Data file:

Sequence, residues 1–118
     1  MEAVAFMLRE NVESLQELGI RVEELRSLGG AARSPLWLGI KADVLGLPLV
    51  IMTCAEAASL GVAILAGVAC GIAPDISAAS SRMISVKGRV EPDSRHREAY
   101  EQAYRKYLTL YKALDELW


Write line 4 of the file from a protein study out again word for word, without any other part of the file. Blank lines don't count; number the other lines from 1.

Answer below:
   101  EQAYRKYLTL YKALDELW